Details

Journal of Valuation, vol. 3 no. 4
Type: Research Article
ISSN: 0263-7480

Article
Publication date: 16 January 2009

J. David Cummins and Xiaoying Xie

The purpose of this paper is to determine the market‐value relevance of frontier efficiency scores and to test hypotheses from corporate control and production theory by…

1568

Abstract

Purpose

The purpose of this paper is to determine the market‐value relevance of frontier efficiency scores and to test hypotheses from corporate control and production theory by analyzing the market response to US property–liability (P–L) insurer acquisitions and divestitures.

Design/methodology/approach

Cost and revenue efficiencies are estimated based on accounting data for US P–L insurers using data envelopment analysis. The market‐value response to acquisitions and divestitures is estimated using a standard market model event study. Regression analysis is used to measure the relationship between abnormal returns (dependent variable) and efficiency (independent variable), along with a set of control variables.

Findings

The results show that acquirers, targets and divesting firms all have significant positive abnormal returns around announcement dates. We also find that efficient acquirers and targets have higher cumulative abnormal returns (CAR) but inefficient divesting firms have higher CARs.

Research limitations/implications

The findings are consistent with insurance acquisitions and divestitures being driven primarily by value‐maximizing motivations, consistent with corporate control and production theory.

Practical implications

Frontier efficiency scores based on accounting data provide value‐relevant information for insurance managers.

Originality/value

This is one of only a few papers that relate frontier efficiency to market values and is the first paper to do this for the insurance industry. It is also one of only two existing papers that analyze the value relevance of efficiency scores in the context of mergers and acquisitions.

Details

Managerial Finance, vol. 35 no. 2
Type: Research Article
ISSN: 0307-4358

Keywords

Article
Publication date: 1 February 1993

Richard Dobbins

Sees the objective of teaching financial management to be to helpmanagers and potential managers to make sensible investment andfinancing decisions. Acknowledges that…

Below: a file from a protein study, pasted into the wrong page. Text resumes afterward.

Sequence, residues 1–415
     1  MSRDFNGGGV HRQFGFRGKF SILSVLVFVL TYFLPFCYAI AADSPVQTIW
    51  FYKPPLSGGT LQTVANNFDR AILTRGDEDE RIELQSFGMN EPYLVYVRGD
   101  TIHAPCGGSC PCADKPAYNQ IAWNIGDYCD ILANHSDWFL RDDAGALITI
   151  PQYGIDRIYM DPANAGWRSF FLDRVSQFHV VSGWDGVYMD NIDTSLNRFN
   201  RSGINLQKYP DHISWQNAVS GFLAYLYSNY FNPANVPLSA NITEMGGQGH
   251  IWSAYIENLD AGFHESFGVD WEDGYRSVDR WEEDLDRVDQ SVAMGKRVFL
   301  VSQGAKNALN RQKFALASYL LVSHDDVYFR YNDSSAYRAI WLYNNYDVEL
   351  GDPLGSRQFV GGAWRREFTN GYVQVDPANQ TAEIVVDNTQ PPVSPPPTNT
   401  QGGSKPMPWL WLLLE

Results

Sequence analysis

5459

Abstract

Sees the objective of teaching financial management to be to help managers and potential managers to make sensible investment and financing decisions. Acknowledges that financial theory teaches that investment and financing decisions should be based on cash flow and risk. Provides information on payback period; return on capital employed, earnings per share effect, working capital, profit planning, standard costing, financial statement planning and ratio analysis. Seeks to combine the practical rules of thumb of the traditionalists with the ideas of the financial theorists to form a balanced approach to practical financial management for MBA students, financial managers and undergraduates.

Details

Management Decision, vol. 31 no. 2
Type: Research Article
ISSN: 0025-1747

Keywords

Article
Publication date: 28 October 2008

Hossein Varamini and Svetlana Kalash

The main purpose of this study is to use the Sharpe Ratio to test the efficient market hypothesis for different market capitalization and investment styles of mutual…

Abstract

The main purpose of this study is to use the Sharpe Ratio to test the efficient market hypothesis for different market capitalization and investment styles of mutual funds. The results of the study for the entire period of 1994‐2007 as well as the two subperiods (1994‐1999 and 2000‐2007) indicate that small cap funds have provided the highest risk‐adjusted return for the entire period whereas growth funds have exhibited lower returns. The findings, therefore, suggest that the mutual funds market is not always efficient, which makes it possible for an investor or a mutual fund manager to earn excess return on a risk‐adjusted basis.

Details

American Journal of Business, vol. 23 no. 2
Type: Research Article
ISSN: 1935-5181

Keywords

Book part
Publication date: 4 July 2019

Çağatay Başarir and Özer Yilmaz

Starting in the 1980s, financial liberalization and technological developments have enabled individual investors to participate in financial markets and carry out easy…

Abstract

Starting in the 1980s, financial liberalization and technological developments have enabled individual investors to participate in financial markets and carry out easy transactions. With these developments, academics began to wonder how the individual investors decide to invest and what factors affect these decisions.

According to traditional finance theory, it is suggested that markets are efficient and investors show rational behaviors in their financial purchasing decisions. However, in many studies conducted in recent years, it was determined that investors included emotional elements as well as rational elements in their decision-making process and therefore exhibited irrational behaviors by believing rumors instead of real information. It is thought that many factors such as personal characteristics, psychological factors, demographic and socio-economic factors play a role in the behavior of investors in purchasing a financial product.

In this study, the importance of herd behavior, which is one of the psychological factors that play a very important role in financial markets, on financial product purchasing process is examined in the light of the behavioral finance theory. It is thought that information included in the study will be useful for researchers who want to study herd behavior and for those who are interested in the subject.

1 – 10 of over 81000